Amid all the dreadful news from Iraq, Australian blogger Arthur Chrenkoff has made it his mission to report the good news. A lot of the time this consists of impossibly cute kitten stories, and those repainted schools we’re always hearing about. But there is some real good news.
And, then, there’s this report on conditions for participation in the Iraqi election, linked by Chrenkoff from Iraq the model
To take part in the elections any group of people or an individual can make an application to the commission to be registered as a political entity, and with the application the individual who wants to be registered as a political entity should pay the sum of 2.5 million Iraqi Dinars while a group of individuals that want to be registered as a political entity should pay 7.5 million Iraqi Dinars. Any bills that result from violations made by the entity will be deducted from the sum. The money will be returned once the election ends if the political entity or a coalition of entities get 50% of the required votes to win a seat. If an entity fails to achieve that the sum will be taken to the treasury.
The requirements for candidates and registering political parties are:
1-A list of members qualified for voting that contains no less than 500 individual.
2-An internal regulations document that lists the rules that governs the party’s activities.
3-Should have no connection with a militia or an active armed group.
4-Should not receive funds from any militia or active armed group.
5-The political entity should not provoke, take part or encourage terrorist or any criminal activities and violence.
6-The name of the party should not incite hatred or violence and the logo of the party should not contain any religious or military symbols.
The most striking feature is the registration fee. If I have the exchange rate correct, it’s about $US 2500, for an individual candidate, a year’s income for a middle-class Iraqi and an unattainable sum for the average person. This is far higher than in Western countries, and the number of votes required to avoid forfeiting the deposit is also large. (Australia requires $A350 or about $US250, and you only need 4 per cent of the votes to get your money back).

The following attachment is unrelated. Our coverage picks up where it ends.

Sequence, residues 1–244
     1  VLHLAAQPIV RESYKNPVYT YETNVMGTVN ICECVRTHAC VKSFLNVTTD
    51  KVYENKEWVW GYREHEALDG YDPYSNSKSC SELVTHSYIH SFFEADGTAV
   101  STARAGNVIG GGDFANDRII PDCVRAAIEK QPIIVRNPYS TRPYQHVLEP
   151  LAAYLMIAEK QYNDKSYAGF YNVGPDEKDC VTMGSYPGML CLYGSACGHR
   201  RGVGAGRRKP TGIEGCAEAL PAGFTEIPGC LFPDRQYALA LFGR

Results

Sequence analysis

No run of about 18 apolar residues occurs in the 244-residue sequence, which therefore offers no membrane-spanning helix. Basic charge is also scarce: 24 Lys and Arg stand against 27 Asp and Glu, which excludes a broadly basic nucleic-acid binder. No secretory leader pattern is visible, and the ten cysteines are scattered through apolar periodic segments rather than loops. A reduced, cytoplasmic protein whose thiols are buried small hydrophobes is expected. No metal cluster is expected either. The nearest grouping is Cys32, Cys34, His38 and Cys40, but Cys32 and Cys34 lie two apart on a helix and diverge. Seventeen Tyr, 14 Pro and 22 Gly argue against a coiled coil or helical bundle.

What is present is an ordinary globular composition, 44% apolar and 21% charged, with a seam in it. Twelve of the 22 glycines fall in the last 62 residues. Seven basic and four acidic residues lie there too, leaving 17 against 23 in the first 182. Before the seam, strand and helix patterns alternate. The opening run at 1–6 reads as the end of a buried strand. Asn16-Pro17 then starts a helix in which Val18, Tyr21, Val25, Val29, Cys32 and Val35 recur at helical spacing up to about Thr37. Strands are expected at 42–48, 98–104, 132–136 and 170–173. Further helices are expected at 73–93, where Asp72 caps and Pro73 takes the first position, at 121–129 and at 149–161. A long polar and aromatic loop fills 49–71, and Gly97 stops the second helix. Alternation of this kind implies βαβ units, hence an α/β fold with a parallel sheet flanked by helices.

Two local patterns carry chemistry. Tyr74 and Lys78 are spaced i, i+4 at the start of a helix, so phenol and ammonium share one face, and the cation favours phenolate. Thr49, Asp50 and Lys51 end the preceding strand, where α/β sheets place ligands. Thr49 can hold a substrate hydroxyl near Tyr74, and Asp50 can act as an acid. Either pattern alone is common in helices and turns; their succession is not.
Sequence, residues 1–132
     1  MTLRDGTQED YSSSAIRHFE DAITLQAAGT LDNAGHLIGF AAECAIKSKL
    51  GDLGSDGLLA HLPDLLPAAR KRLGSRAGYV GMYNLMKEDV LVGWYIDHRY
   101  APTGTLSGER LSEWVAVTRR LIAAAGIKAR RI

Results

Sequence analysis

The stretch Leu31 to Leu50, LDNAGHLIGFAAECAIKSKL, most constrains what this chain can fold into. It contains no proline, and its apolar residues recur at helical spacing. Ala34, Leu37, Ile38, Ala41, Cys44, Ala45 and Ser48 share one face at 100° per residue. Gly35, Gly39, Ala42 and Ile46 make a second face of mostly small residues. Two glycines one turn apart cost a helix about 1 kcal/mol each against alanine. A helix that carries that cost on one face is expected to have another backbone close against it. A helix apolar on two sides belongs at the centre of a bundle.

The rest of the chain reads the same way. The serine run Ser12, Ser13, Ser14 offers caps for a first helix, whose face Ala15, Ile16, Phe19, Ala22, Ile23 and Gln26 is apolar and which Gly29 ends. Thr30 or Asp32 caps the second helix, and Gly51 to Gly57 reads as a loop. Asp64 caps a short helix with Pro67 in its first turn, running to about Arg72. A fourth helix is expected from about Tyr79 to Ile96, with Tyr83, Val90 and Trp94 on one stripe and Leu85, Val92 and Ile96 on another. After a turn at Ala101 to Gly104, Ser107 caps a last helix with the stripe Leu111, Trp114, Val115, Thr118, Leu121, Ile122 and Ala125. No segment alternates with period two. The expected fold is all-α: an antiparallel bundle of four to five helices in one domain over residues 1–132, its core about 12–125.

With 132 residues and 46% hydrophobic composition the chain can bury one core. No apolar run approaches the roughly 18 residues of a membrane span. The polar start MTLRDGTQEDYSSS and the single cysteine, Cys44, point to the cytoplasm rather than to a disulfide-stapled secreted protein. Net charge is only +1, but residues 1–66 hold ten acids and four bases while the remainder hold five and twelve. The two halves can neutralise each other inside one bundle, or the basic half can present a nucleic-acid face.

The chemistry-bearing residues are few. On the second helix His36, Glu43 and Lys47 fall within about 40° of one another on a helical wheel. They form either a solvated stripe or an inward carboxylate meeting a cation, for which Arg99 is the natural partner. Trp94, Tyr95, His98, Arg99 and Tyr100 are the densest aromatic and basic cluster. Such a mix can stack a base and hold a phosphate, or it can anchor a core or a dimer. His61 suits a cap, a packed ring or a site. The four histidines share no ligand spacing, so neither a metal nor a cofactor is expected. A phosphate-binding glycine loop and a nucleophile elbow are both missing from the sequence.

These rules make it almost impossible for an independent individual to run, and provide a huge headstart for the established parties that make up the interim government. And there’s ample room for the incumbents or the occupying forces (it’s not clear who’s in control here) to disqualify anyone they don’t like.
All of this suggests the possibility that the election will be a Soviet-style plebiscite, consisting, for all practical purposes, of a Yes-No vote on a slate of candidates drawn up in a backroom deal among the parties making up the interim assembly. This is how the interim assembly itself was set up, much to the disgust of independent delegates. An outcome where the incumbents ran on a unity ticket and won would be even worse than not holding the election at all.
That concludes the good news for this week.
fn1. It appears that Allawi gives a weekly address to this assembly, but I’m not aware that it’s done anything other than serve as an audience. Does anyone have any info on this ?